2 Points: Average, this person is about as likely as not to shoot a friend in combat as foe, and isn’t likely to trip over things like logs.
3 Points: Above average, this person is more likely to hit a foe in combat than a friend, and may be noted for having good balance.
4 Points: Agile, this person can hit bull’s eyes regularly, and can make their way through thick undergrowth with relative ease. They may also be difficult to track.
5 Points: Impressive, this person can put an bullet in between the eyes of a target at one hundred paces with relative ease. They are not likely to have issues running through rough terrain.
6 Points+: Insane, this person could probably sprint through a minefield unscathed, or hit targets blindfolded.


Determines how smart a character is, how quick they learn new tricks, and how readily they can use their environment.
1 Point: Stupid, this person cannot read, and probably doesn’t know what math is, only that it angers them.
2 Points: Average, this person may be able to read and do math, but certainly has some manner of common sense.
3 Points: Above average, this person can most certainly read and do math if they have had any inclination to learn. They spot more opportunities and notice more things than their peers.
4 Points: Intelligent, this person can learn pretty much anything they set their mind to, and rarely fails to notice key environmental features they can use to their advantage.
5 Points: Impressive, this person is likely a certifiable genius, and is likely to assess and adapt to any situation they may find themselves.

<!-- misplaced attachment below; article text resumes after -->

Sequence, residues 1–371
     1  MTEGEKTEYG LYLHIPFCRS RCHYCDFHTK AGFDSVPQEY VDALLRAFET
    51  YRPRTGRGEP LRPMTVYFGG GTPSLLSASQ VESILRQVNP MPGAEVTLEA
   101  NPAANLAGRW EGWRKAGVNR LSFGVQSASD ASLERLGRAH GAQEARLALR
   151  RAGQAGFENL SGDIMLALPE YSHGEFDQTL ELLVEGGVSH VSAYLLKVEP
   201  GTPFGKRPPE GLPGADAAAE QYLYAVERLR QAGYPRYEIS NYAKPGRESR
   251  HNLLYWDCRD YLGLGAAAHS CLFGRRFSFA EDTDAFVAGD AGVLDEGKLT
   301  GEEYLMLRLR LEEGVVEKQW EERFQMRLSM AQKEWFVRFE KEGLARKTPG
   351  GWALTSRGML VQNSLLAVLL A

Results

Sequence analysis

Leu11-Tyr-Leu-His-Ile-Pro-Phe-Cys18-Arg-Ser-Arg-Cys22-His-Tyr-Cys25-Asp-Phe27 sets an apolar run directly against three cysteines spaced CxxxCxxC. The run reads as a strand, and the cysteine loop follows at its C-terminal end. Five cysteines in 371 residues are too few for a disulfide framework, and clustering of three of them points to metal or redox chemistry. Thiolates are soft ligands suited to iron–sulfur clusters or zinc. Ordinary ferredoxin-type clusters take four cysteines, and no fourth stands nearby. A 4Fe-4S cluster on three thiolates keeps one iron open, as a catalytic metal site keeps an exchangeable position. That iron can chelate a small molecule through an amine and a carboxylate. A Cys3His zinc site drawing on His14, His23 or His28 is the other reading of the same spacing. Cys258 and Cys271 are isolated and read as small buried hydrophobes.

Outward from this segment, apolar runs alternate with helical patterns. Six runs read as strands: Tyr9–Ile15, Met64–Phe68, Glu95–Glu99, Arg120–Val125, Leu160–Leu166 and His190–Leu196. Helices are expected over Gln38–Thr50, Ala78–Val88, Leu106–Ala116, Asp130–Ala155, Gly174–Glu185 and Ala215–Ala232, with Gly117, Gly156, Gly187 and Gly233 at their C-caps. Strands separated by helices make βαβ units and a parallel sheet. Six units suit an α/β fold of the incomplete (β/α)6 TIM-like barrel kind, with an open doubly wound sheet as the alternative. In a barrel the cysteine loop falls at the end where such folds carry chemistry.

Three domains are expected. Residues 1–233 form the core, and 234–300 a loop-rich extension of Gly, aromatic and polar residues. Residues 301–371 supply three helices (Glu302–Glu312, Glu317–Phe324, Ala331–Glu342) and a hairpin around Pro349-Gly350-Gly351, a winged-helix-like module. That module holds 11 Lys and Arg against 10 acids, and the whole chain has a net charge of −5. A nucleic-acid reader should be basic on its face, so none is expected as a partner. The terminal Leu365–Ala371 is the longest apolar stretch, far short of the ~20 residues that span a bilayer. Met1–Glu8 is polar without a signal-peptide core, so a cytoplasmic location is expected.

6 Points+: Insane, this person could probably write physics text books.


Determines how good a character is with words, and how easily they can use words to influence the decisions of NPCs. In combat this will relate to support abilities.
1 Point: Strange, this person more often than not insults those they are trying to compliment, and may come off as a ‘creeper’.
2 Points: Average, this person doesn’t have much of an issue with basic social niceties, but is not likely to be quick witted.
3 Points: Above average, this person knows how to get things they want, and how to use what they have.
4 Points: Charismatic, this person can talk their way out of most situations, and probably fairly quick witted.
5 Points: Impressive, this person probably lights up a room when they enter, and are either the center of attention, or the person no one ever notices.
6 Points+: Insane, could talk their way out of being arrested for bank robbery with camera evidence and a police officer having seen the deed.

Health/Hit Points

Determines total hitpoints/a character's health/ability to absorb damage.
Calculated By Adding up Strength (Stat) and Endurance (Skill) and multiplying by 15/


Determines how hard it is to damage a user
Calculated By adding the base Defense (5) plus 3 points for every point in Defensive Combat (Skill) and then you add any bonuses from Perks and Armor. (Read More in the Combat Section)


Skills are split into five areas depending on what their dominant stat is. Below are the list of skills, separated by their dominant stat. This stat will be used in determining how many dice are kept when determining success. At character creation, no one can have five points in any stat.